The first half of the match was certainly a bit disappointing, although the first ten seconds were memorable - Shearer kicked it off before promptly being replaced by Michael Chopra and making his way off amid more applause. But who cared about the football?

I've been to Testimonials that have ended 6-3 (Jinky Jim Smith's for example) and they have a bit of a pantomime air about them. At least Newcastle and Celtic were playing "properly" and that made Charles N'Zogbia's run and shot that Gordon Marshall saved onto the bar even better.

Both sides made a host of changes at the break and it made for a more open game with Speed catching the eye. But just when you wondered why we'd let him go, a wayward pass would jog the memory.

Then came one of the highlights of the evening. It has to be acknowledged that it was inspired by the noisy visiting fans who had started twirling their scarves above their heads but minutes later the home sections followed suit and it was a staggering sight to see the whole ground doing it.

Rob Lee came on with quarter of the game left and straight away his distribution from midfield was outstanding. Within a few minutes he sprayed a pass out to Ramage and his deep cross fell perfectly for Luque to volley a stunning goal past Marshall.

The ovation for Les Ferdinand was tremendous and like the reception for Keegan at Beardsley's Testimonial it threatened to overshadow the star of the show, who occasionally waved from the bench when his name was chanted.

With some old-timers starting to tire, the play was beginning to get stretched and a long ball caught out our defence, leaving Ramage to chop down Maloney in the box. The same player dispatched a smartly taken penalty and it was 1-1.

John Hartson then converted a cross from the right with a fine downward header and once again the evening threatened to fall a bit flat. A late home penalty seemed inevitable but as the time board was held aloft we didn't look like getting anywhere near their area, let alone inside it.

Referee Mark Clattenburg had the situation in hand and in adding three minutes of extra time he was obviously giving United every chance to get the ball forward. Ferdinand did almost equalise, only for a linesman's flag and some wayward control let him down.

But then a mysterious free-kick was awarded on the edge of the Celtic box and quickly taken by Michael Chopra to Sir Les near the byline in the area. The merest challenge would have seen a tumble but instead Ferdinand crossed and the ball went in off Paul Lawson for 2-2. Judging by the players' reactions this wasn't in the script but it was a welcome piece of ad-libbing.

From the kick-off Celtic seemed intent on giving us the ball and at the second attempt it finally found Ferdinand who charged into the box. Two challenges ensured that Clattenburg could point to the spot and with seconds left on the clock the scene was set for a late substitution.

On came Alan Shearer to a mixture of cheers and chortles as the referee consulted with Marshall (whose namesake father played for Newcastle) - perhaps suggesting which way to dive.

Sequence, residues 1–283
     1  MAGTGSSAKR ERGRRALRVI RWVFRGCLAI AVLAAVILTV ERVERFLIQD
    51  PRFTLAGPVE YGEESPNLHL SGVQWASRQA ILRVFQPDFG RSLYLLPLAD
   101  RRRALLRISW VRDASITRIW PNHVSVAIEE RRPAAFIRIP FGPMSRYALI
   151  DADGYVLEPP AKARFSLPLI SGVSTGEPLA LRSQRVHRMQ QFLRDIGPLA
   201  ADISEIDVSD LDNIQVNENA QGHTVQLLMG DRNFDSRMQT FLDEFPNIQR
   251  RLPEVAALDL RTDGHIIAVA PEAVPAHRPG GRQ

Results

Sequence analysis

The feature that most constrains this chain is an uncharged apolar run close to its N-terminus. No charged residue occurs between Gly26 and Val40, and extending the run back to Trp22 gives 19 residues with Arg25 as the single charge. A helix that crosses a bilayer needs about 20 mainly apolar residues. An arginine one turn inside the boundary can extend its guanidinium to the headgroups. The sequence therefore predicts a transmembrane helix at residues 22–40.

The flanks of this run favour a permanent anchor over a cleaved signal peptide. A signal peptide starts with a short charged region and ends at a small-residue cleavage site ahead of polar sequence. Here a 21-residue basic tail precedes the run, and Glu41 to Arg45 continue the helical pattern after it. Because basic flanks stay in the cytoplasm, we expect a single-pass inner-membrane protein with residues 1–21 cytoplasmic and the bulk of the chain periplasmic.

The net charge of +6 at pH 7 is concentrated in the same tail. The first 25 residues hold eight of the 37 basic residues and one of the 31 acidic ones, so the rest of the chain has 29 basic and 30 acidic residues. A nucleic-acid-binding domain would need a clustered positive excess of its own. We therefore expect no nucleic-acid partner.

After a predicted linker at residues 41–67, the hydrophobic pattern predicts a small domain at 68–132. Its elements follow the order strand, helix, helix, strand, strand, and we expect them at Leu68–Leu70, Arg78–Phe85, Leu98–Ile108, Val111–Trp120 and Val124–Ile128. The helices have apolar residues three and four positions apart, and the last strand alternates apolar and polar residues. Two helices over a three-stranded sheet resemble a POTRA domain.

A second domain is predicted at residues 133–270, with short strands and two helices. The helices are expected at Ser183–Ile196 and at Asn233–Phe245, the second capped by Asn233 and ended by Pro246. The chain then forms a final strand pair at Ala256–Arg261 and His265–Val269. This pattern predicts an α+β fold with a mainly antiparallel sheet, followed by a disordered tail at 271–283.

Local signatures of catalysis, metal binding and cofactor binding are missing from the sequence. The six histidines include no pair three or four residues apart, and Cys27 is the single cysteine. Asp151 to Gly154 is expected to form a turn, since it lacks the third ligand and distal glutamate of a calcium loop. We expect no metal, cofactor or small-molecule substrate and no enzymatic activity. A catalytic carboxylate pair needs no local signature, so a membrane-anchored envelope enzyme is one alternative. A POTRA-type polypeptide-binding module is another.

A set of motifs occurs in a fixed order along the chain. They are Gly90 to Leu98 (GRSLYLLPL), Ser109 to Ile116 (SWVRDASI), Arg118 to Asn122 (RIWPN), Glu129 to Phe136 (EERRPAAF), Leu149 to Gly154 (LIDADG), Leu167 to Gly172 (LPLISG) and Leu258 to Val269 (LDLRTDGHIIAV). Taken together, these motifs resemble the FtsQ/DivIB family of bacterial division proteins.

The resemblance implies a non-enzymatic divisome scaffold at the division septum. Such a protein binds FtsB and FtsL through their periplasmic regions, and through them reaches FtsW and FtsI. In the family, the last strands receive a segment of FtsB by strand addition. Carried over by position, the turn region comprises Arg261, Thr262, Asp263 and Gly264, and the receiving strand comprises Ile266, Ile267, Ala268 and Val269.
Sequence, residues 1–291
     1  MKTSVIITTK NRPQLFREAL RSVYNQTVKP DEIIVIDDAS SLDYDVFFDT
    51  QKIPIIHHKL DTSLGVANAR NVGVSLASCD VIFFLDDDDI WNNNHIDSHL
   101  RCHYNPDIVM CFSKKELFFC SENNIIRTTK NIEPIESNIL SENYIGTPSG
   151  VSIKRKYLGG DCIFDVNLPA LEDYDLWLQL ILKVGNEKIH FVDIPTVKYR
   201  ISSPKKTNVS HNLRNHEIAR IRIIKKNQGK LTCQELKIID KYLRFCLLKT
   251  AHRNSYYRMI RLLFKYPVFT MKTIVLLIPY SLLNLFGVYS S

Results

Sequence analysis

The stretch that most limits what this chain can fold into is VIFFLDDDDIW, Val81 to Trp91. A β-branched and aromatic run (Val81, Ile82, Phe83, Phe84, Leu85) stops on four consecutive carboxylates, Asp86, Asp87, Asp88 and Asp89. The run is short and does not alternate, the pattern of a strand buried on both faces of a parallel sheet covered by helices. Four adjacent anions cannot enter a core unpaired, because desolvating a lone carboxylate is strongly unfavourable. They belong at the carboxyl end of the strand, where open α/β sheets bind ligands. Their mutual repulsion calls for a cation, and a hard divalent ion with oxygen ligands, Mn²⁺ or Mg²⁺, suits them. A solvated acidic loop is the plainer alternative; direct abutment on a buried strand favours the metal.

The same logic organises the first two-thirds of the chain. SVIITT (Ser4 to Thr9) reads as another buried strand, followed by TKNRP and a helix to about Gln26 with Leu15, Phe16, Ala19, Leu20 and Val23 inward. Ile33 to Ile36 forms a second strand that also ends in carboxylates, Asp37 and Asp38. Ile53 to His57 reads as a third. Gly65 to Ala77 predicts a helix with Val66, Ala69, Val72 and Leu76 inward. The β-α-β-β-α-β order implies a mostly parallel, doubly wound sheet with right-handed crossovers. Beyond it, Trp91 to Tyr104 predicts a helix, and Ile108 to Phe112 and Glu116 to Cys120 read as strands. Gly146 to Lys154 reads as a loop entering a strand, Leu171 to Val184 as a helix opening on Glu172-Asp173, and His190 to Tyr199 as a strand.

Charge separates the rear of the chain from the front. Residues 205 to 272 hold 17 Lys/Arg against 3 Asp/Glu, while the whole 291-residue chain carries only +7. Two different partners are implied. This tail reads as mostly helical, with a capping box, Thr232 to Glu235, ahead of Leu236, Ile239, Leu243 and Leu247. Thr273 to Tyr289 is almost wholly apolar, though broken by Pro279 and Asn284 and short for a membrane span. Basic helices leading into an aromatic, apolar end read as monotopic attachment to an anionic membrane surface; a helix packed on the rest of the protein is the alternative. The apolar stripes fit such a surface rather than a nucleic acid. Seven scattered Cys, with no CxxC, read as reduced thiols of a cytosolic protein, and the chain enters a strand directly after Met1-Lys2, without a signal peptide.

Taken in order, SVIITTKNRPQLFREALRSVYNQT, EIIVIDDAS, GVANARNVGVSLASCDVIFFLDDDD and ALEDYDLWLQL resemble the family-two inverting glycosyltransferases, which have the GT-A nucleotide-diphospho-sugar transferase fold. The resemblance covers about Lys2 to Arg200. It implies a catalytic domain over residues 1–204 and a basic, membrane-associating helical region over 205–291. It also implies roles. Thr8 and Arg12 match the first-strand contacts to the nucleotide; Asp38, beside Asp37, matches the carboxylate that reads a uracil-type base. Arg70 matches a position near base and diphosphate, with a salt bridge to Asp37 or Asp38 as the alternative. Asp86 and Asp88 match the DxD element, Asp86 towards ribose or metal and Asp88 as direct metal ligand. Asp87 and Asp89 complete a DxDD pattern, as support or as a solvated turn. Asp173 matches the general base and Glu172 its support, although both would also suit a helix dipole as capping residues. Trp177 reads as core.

The information was duly whispered in Shearer's ear and the number nine stepped up to do what he does best for the final time - hit the back of the net and winning the match. It was the last kick of the game and a fitting end to the evening and Al's playing career.

There was still a last chance to say farewell and the warbler was wheeled out again to sing something about saying goodbye. Given the fact that she was far from rotund, the fat lady still hadn't sung and next on the podium were Ant and Dec (looking nervous but very pleased with themselves) to coordinate some award-giving from the Premier League, The FA and from NUFC.

The "Who are ya?" chant for the TV duo was tongue in cheek but some boos for the arrival of Chairman Freddy Shepherd were less charitable as Al received various trinkets, including a cast of the boots with which he broke Jackie Milburn's goalscoring record.

Shearer was interviewed and was unusually tongue-tied as the emotion in his voice was obvious. And then he and his three kids went on a final lap of honour which seemed to fly by as the noise level remained consistently high with all four stands cheering him round.

As he neared the tunnel for the last time, he gave a final wave and fireworks were launched from the stands as shiny tickertape cascading down on to the pitch. A suitable blockbuster finale.

All of us had taken part in, and experienced, an evening of pure escapism. It wasn't a real match and perhaps declaring our undying love for a sheet metal worker's son for kicking a ball into a goal is something we'd struggle to justify. However, the feeling between the hero and legend and his followers in the stands was intense and real - perhaps unique - something none here will forget.

This might just be the closest we ever get to silverware and a victorious homecoming. 

Niall MacKenzie

Youtube footage is online here


Page last updated 12 May, 2019